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Old 01-09-2011, 01:50 AM   #154
Ellis Amdur
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Location: Seattle
Join Date: May 2003
Posts: 904
Re: Transmission, Inheritance, Emulation 18

I think I mentioned this in HIPS, but Kano described Shiro at age 16 as being dedicated, but not exceptional, and also described him as tiring easily, so that he could practice with him too hard or too long. There certainly was this legend that developed about Saigo, but it actually developed and flourished much later. In HIPS, I did my best to suggest that the idea that Saigo Shiro studied martial arts, much less aiki from Tonomo Saigo was extremely dubious.

Once again, I am pleased to note that my semi-interpretation, semi-intuition, is now caught up with research.
The following links, mostly by researcher John Zyl, who has access to the Kodokan archives, give a remarkable counter view to the entire history of the early Kodokan, of which Saigo was a part (which includes politics and aikido as well).

Link #1

The second link has these two wonderful quotes:
But this is the period when Ueshiba rises to prominence. And I think he scared the sh!t out of the Kōdōkan.

If jūdō left behind the esoteric and the mystical aspects of Kitōryū (and ki is all over the place in Kitōryū and TJSYR) in favor of physics, if jūdō left behind the joint manipulation and striking in favor of a safe and healthy form of exercise here was all of that stuff back from the dead, repackaged with the help of Oomotokyō. I've said this before but I think Ueshiba must have seemed like the ghost of jūjutsu past to Kanō -- everything he left behind risen from the grave.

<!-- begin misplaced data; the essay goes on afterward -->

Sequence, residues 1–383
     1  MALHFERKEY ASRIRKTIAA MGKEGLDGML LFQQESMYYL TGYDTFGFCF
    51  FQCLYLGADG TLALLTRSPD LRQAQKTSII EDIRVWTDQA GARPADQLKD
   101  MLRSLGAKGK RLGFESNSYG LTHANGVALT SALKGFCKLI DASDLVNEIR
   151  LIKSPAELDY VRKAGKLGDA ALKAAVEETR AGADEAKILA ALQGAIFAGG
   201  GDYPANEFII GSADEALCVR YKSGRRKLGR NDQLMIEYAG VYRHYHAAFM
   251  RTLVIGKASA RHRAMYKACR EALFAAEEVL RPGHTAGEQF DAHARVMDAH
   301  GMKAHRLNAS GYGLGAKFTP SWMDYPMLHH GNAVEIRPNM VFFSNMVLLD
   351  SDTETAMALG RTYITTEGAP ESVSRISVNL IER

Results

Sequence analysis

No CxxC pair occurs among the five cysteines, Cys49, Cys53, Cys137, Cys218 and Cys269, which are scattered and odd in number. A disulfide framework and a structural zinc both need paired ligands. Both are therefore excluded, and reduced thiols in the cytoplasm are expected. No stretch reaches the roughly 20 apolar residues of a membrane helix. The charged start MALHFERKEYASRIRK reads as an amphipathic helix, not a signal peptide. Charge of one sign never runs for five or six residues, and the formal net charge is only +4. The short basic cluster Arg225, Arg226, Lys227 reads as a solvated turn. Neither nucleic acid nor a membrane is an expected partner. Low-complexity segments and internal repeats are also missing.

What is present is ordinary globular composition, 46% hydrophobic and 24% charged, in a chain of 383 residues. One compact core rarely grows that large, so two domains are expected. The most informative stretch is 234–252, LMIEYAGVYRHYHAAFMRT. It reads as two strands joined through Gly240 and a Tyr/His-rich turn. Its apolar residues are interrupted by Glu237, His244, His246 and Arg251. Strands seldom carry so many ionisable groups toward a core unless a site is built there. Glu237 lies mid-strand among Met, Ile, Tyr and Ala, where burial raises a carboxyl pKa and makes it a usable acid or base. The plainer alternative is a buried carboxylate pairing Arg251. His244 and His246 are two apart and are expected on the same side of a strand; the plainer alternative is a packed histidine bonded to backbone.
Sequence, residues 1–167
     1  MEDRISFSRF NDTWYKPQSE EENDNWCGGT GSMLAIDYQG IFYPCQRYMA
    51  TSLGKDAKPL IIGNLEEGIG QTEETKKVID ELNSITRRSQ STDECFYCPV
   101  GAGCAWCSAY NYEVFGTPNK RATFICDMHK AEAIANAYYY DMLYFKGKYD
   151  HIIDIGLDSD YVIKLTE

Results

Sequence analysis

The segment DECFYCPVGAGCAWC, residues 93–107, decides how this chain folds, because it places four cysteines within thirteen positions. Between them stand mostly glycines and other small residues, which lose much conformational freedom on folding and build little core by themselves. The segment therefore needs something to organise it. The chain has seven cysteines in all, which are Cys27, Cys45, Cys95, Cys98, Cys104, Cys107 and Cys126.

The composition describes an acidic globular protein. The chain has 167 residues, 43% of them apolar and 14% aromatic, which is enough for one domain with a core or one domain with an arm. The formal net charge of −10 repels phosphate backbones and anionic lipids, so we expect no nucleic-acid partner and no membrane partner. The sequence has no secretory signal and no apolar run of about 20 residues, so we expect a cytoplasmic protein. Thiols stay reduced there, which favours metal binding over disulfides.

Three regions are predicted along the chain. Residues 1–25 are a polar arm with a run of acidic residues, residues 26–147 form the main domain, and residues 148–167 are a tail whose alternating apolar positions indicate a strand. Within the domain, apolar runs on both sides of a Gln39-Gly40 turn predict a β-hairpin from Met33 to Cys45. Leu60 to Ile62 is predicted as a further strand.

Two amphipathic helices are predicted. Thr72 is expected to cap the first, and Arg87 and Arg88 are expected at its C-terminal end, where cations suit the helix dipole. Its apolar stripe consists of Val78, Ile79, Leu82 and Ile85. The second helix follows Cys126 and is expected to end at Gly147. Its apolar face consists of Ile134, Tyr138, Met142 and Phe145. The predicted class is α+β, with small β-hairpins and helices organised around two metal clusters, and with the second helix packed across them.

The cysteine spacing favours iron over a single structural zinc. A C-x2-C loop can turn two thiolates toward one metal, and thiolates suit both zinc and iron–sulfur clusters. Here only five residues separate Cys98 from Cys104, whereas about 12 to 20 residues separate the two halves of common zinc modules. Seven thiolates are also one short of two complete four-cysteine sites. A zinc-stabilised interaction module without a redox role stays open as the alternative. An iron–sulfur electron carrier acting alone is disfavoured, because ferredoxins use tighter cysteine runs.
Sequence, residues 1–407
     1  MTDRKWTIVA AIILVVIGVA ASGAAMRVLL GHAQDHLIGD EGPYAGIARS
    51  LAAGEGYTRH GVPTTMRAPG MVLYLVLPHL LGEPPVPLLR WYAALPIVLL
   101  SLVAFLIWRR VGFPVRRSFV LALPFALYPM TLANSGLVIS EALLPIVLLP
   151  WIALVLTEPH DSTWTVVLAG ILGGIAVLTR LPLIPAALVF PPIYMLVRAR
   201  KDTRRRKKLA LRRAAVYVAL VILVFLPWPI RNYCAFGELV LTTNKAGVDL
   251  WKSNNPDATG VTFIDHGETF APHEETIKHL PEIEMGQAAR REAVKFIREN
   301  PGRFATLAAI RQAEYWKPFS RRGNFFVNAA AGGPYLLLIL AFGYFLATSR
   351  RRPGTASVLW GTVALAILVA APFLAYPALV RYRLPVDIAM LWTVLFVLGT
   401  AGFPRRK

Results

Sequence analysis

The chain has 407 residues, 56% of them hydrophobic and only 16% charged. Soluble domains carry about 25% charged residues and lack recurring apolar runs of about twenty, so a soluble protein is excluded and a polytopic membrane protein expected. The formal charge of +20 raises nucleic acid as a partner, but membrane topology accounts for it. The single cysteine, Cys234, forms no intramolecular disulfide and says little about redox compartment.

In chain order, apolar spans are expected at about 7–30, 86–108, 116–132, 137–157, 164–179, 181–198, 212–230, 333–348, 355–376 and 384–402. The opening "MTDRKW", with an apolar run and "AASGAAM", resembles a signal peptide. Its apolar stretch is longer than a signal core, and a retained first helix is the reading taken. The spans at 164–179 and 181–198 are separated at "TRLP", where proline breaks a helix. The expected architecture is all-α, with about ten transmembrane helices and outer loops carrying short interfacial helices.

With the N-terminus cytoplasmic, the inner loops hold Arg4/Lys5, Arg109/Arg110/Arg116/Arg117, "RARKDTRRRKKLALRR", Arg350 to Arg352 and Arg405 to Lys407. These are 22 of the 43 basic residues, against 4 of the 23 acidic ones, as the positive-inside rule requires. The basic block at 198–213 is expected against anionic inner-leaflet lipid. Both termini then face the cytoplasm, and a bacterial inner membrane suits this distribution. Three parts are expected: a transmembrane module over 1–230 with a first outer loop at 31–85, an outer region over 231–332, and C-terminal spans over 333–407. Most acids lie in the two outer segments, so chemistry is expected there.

Some kind of a meeting or special course in 1886 that gets transformed into a duel in 1916 and then into an epic battle that showcases jūdō's inherent superiority in the late 20s and 30s.
And here is supporting evidence from the "other" side - from Yoshin-ryu

What that suggests is the whole claim of Saigo Shiro learning Daito-ryu or whatever was yet another case of after the fact, "Oh, we do that too." (Note, too, that yama-arashi, his special incredible, must be from D-ryu technique is in all the early judo books, and I've seen films from the 1950's with a number of teachers demonstrating it - and it is sort of a midway technique between tai-otoshi and harai-goshi - - - -not anything resembling D-ryu.

BTW, here's the entire thread.

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